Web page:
The discussions are the reason to come to Slashdot, and the beta trivializes them entirely. It looks like the comment section on a generic news site.
The comments now look like an afterthought, whereas they used to be the primary focus of the site."
An insurance plan with a robot clause.
You never know when the metal ones will come for you.
This is a terrible move by Microsoft. The two tablets look too similar and yet are so different--especially in terms of processor power and what software they will run. Imagine the surprise that Joe Consumer will have when his "Windows tablet" does not run Windows software.
ComputerWorld did a great article that talks about this:
On Monday afternoon, Microsoft executives, including CEO Steve Ballmer and Steven Sinofsky, chief of the Windows division, introduced the not-yet-available Surface tablet, which will be sold in two flavors. One, tagged the Windows RT Surface, runs Windows RT, the new edition that works only on devices powered by ARM-licensed processors. ARM CPUs drive virtually every mobile device, from smartphones to tablets, including Apple's iconic iPad.
**** Note that the ARM processor-powered device is NOT backward compatible with ALL of the current DOS/Windows software that has been released up to now. The ARM processor-powered device will only run Windows RT and Metro applications.*****
Windows RT, a major departure for Microsoft in more ways than one, is the company's attempt to break into the lucrative consumer-oriented media tablet market.
But Microsoft will also sell the Windows 8 Pro Surface, a tablet that, while identical at first glance to its Windows RT sibling, runs the more traditional Windows 8 on hardware powered by Intel processors.
Because that second Surface relies on an Intel chip -- a quad-core i5 from the just-released "Ivy Bridge" architecture, the same used in Windows laptops and as of last week, the one packed into Apple's MacBook Air and the least-expensive MacBook Pro -- will run all legacy Windows applications as well as the newer Metro apps that Microsoft and others are developing. It will also be heavier -- by half a pound -- and slightly thicker than the Windows RT tablet, although by other external appearances it will be identical.
You are correct.
"It's basically a micro-sandwich -- a high-efficiency filter and heat-exchange system. The skin-contact layer's porous. Perspiration passes through it, having cooled the body
All free, legal downloads of classic Sierra game fan remakes.
Just wanted to clarify what I meant by "the field is still changing".
I think that Apple will not increase much further in smartphone market share because Steve Jobs is no longer leading the company. The last time that Steve left Apple things did not go well and the company nearly went under. I don't think Apple is headed downhill yet, but without the visionary man who made the company in the driver's seat, it will be run differently, and I believe, not for the better.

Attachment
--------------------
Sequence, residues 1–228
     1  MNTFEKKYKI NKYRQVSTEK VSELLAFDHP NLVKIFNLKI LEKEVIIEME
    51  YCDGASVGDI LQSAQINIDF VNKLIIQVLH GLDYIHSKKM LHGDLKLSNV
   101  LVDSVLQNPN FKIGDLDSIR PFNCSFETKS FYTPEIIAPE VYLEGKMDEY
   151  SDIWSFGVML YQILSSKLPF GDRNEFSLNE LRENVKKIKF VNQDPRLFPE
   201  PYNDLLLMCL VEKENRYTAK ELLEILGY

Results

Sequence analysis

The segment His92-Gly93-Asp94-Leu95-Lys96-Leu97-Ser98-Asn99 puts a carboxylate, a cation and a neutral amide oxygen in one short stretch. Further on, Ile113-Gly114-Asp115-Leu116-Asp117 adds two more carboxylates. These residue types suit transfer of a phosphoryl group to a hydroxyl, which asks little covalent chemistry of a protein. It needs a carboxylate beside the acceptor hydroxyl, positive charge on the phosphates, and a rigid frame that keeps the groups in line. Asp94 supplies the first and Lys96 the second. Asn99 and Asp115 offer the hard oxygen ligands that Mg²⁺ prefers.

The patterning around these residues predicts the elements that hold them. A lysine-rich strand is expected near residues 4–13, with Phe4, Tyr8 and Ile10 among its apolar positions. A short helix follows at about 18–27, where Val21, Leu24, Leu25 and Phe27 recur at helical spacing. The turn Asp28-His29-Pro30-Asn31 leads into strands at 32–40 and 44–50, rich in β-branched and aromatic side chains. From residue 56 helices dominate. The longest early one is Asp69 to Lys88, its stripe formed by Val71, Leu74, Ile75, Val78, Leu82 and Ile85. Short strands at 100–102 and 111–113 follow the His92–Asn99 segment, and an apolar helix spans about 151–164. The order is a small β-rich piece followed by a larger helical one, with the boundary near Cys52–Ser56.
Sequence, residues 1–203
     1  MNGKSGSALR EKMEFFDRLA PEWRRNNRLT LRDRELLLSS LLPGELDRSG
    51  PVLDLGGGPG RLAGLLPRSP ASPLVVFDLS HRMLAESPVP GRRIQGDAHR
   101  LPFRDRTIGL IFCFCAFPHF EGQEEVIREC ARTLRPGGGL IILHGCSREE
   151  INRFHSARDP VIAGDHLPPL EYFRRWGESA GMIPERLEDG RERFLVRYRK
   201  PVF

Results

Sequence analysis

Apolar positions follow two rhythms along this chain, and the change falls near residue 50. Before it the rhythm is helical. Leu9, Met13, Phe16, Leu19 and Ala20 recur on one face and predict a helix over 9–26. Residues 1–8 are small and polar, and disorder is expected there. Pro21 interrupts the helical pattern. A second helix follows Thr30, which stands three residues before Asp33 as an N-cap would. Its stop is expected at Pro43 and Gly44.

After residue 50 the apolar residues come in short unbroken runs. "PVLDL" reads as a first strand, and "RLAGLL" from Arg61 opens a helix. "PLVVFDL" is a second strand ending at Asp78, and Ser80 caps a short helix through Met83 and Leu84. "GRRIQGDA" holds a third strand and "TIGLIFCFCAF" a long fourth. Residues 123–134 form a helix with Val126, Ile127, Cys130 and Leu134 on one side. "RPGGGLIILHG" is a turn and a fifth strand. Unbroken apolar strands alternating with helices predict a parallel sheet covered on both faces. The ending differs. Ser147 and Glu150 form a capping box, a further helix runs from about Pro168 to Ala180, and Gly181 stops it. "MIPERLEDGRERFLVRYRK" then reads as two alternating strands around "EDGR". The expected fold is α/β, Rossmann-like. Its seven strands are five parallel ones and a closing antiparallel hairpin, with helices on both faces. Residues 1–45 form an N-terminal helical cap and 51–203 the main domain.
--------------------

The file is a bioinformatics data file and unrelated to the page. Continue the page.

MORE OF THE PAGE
Android is constantly changing, partly because there are so many players, but also because Microsoft and Apple are applying pressure to most of the Android players through patent lawsuits and license agreements. I expect that Android will continue to hold significant market share because Google wants it to succeed and several of the OEMs have already had success with it.
With these two dynamics in play, the smartphone market is still changing.
I think that Windows Phone will slowly improve in market share using the same strategy that the Xbox did: pushing enough money into it until it eventually works. Whether it will actually take off to the same success as the Xbox remains to be seen. If they get a few killer apps (e.g. Halo for Windows Phone), then who knows what might be possible.
It will be a money sink for a while, but Microsoft can afford to continue to pump money and work into it. They know that they have to since phones and tablets are stealing some of the usual PC sales. They want to steal some of the market from Apple and Android and they certainly have the opportunity since the field is still changing.
It looks like Blackberry is doomed to sink below Windows Phone in terms of popularity and offerings.
They should still have US government customers for a while until the government-approved version of Android is widespread, so maybe a year or two left.
Beyond that, I don't see much of a future.
IF I HAD A MINE SHAFT, I don't think I would just abandon it. There's got to be a better way. -- Jack Handley, The New Mexican, 1988.